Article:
Some of the tools and strategies employers can use to support active commuting include:
- Creating facilities for active commuters, such as showers for freshening up and lockers for storing active wear and equipment
- Offering secure on-site bicycle lock-up areas
- Introducing a guaranteed ride home program to cover active commuters in case of emergencies or bad weather
SDG 11 strives to “make cities and human settlements inclusive, safe, resilient, and sustainable.” This involves reducing the carbon emissions and pollution associated with motor vehicles by shifting people toward more environmentally friendly transportation alternatives.
Notably, SDG 11.2 focuses on providing “access to safe, affordable, accessible, and sustainable transport systems for all” by 2030. Specifically, it seeks to locate a higher percentage of the global population within half a kilometer (0.31 miles) of a public transit option with a minimum service frequency of every 20 minutes.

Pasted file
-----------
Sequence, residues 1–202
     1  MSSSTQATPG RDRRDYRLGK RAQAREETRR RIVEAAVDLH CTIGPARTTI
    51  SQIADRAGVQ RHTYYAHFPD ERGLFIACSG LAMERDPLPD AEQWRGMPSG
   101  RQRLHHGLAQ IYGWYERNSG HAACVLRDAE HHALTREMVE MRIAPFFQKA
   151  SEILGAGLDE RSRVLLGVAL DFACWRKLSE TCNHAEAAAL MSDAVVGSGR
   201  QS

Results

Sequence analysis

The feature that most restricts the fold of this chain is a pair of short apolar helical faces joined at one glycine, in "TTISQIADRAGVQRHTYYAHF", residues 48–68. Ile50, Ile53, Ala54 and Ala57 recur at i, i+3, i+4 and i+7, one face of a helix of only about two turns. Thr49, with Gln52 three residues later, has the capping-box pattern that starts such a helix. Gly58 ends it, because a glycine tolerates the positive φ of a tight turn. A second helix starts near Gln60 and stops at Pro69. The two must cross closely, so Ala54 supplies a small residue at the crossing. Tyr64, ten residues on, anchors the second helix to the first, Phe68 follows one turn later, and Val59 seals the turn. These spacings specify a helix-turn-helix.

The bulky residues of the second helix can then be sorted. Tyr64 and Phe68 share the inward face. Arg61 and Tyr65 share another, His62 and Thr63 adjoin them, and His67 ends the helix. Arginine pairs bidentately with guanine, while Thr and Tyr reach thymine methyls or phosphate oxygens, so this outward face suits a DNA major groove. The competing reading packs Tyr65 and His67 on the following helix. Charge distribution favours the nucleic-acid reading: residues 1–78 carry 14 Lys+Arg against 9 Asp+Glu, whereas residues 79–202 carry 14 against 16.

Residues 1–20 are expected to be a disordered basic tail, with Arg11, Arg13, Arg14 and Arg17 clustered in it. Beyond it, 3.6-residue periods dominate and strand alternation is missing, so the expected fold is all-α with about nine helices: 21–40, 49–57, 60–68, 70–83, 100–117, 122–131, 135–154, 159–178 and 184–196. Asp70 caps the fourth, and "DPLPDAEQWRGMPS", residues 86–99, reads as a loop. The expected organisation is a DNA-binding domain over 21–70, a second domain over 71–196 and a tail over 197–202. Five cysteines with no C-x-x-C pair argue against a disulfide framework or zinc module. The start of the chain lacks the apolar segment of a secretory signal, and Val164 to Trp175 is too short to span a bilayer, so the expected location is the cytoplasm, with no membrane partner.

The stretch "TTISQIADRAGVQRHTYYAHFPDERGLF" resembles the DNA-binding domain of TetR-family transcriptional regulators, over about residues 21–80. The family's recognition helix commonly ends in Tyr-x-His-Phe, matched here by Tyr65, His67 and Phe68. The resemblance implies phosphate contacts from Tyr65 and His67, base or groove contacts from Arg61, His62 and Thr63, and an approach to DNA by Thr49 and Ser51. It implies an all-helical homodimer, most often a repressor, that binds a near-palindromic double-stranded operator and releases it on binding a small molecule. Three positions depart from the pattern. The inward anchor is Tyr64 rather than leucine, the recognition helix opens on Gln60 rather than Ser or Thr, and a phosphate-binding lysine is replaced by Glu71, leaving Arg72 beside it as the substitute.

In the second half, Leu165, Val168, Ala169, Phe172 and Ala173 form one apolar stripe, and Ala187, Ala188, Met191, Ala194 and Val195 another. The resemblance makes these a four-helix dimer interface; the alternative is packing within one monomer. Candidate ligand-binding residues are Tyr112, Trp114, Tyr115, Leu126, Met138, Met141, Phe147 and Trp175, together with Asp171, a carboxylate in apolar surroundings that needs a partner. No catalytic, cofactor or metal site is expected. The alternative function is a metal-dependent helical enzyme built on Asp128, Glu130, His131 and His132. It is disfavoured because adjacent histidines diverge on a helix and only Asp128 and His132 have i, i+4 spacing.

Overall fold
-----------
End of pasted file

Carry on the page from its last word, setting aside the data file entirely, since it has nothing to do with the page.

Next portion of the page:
Public transit coverage and frequency tend to improve as demand for service rises. That demand, in turn, is fueled by ridership. As ridership increases, so does investment in public transit networks and services.
With respect to SDGs and employee transportation, employers can encourage commuters to make more frequent use of public transit by:
- Offering subsidized or free monthly transit network passes to commuters
- Equipping commuters with route planners and other access management tools
- Creating incentives and rewards for commuters who regularly use public transit to get to work
SDG 13 represents one of the strongest links between SDGs and employee transportation. It calls on the global community of nations to “take urgent action to combat climate change and its impacts.”